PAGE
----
Peter Erlinder arrested in Rwanda for denying genocide
William Mitchell constitutional law professor Peter Erlinder is no stranger to controversial causes in the United States, but his latest gambit leaves him on the hook far from home: He's been arrested in Rwanda for denying the 1994 genocide.
"He's someone who denies the genocide in his writings and his speeches. Worse than that he has become an organizer of genocide deniers," Rwanda's Public Prosecutor Martin Ngoga told AFP. "If negating (the Tutsi genocide) is not punished in his country, it is punished in Rwanda. And when he came here he knew that."
Whether or not that's what Erlinder has actually done remains to be seen. But he's defending former Rwandan army commander, and accused genocide leader, Aloys Ntabakuze at the International Criminal Tribunal of Rwanda. He's also defending Victoire Ingabire, who is accused of denying the genocide, collaborating with a terrorist organization and inciting ethnic hatred -- and trying to start a political party that opposes ruling forces in Rwanda. No question, the man is lightning rod.
Here's video of Erlinger in Brussels shortly before leaving for Kigali:
MPR notes that, besides his academic credentials, Erlinder is best known in Minnesota for defending accused cop killer A.C. Ford in the 1990s, and for writing a legal paper cited by Indian bands fighting for off-reservation fishing rights ahead of this year's opener. We wrote about him back in 2003 when he took up the cause of sex offender James Poole.
William Mitchell released the following statement this afternoon:
On Friday, May 28, we were notified that Professor Peter Erlinder was arrested in Rwanda. At this time, he has not been charged with any crime. Our primary concern is for Prof. Erlinder's safety and we hope the situation is resolved both fairly and promptly.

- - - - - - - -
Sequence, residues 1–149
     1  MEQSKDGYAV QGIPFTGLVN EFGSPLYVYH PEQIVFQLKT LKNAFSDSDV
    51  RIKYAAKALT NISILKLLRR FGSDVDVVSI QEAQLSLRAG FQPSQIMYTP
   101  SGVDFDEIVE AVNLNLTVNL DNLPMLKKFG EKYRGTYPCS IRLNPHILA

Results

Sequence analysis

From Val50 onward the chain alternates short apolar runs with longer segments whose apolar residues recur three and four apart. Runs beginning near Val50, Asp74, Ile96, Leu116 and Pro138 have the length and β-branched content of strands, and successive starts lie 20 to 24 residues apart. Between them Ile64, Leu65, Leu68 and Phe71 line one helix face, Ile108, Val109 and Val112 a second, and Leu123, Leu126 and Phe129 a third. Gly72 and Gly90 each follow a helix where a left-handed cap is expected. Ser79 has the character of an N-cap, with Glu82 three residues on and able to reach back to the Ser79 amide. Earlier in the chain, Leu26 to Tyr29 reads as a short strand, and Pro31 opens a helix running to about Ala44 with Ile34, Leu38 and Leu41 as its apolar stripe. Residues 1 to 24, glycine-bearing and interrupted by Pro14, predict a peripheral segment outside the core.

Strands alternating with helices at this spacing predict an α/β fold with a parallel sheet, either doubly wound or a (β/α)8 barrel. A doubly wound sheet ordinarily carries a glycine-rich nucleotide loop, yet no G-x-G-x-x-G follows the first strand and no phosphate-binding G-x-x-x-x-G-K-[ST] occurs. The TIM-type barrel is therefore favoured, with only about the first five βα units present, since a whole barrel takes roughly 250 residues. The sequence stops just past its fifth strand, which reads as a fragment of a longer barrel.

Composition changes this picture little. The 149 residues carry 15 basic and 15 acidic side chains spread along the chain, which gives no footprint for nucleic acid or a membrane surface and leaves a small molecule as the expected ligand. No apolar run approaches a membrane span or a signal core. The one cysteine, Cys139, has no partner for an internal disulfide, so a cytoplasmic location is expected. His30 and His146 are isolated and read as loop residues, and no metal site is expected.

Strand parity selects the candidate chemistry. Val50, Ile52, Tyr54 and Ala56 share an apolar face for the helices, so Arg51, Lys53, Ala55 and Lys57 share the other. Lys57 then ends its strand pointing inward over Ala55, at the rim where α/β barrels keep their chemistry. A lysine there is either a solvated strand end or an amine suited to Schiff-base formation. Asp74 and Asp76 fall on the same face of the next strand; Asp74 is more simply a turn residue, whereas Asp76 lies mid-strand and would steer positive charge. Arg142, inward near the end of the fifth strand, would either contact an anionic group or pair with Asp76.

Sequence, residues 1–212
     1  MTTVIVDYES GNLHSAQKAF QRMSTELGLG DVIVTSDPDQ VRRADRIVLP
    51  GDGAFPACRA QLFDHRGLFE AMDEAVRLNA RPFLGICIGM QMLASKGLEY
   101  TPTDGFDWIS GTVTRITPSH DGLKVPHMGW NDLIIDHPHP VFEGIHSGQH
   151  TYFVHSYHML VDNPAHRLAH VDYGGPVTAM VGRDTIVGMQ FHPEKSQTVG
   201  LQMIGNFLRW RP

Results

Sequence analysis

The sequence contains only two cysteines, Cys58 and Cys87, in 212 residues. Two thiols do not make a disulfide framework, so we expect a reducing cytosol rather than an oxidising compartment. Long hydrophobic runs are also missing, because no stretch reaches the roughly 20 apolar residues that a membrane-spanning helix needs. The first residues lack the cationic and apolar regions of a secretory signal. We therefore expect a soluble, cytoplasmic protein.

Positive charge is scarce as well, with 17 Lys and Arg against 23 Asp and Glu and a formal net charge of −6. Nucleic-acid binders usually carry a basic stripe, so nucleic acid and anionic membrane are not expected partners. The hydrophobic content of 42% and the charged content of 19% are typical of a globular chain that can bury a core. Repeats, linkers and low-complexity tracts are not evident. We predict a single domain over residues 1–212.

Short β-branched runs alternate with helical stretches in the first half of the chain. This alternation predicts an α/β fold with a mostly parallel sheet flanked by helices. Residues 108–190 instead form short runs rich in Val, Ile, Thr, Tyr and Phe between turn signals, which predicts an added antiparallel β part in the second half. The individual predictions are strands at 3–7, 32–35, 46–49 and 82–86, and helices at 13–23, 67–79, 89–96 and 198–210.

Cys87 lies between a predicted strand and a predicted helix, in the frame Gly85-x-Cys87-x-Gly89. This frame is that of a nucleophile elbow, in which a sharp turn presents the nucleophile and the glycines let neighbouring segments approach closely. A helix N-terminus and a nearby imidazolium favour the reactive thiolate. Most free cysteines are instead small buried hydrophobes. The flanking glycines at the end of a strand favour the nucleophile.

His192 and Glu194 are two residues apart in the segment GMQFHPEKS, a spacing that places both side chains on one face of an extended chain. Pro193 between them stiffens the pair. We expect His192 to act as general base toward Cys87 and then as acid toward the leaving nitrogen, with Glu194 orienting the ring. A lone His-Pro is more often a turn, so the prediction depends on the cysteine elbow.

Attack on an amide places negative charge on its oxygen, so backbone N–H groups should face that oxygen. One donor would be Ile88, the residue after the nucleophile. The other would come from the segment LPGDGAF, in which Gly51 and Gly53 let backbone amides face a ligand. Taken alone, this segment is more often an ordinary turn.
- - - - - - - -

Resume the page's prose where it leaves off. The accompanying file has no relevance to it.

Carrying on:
William Mitchell is working with the United States State Department, the U.S. Embassy in Rwanda, and the International Criminal Tribunal for Rwanda to monitor the situation and provide any assistance possible. In addition, we are in contact with representatives from the offices of Sen. Amy Klobuchar, Rep. Betty McCollum, and Rep. Keith Ellison to make them aware of the situation and provide information about Prof. Erlinder's work in Rwanda.
William Mitchell has a 110-year history of legal education that is engaged with the legal profession, and we support and encourage the legal pursuits of our faculty beyond the college. Prof. Erlinder is in Rwanda to represent Victoire Ingabire, an opposition candidate for President of Rwanda who was arrested over accusations of promoting genocide ideology. In traveling to Rwanda, Prof. Erlinder exemplifies the great tradition of lawyers who take on the representation of unpopular clients and causes. That Prof. Erlinder did so at great personal risk demonstrates the strength of his commitment to justice and due process. We support his commitment to justice, the rule of law, and public service, which are the core of the lawyer's function in society and values Prof. Erlinder works to instill in the students he teaches at William Mitchell.
We look forward to Prof. Erlinder's return to the college and will continue to monitor his situation and work with the United Nations and the United States government until the issue is resolved.
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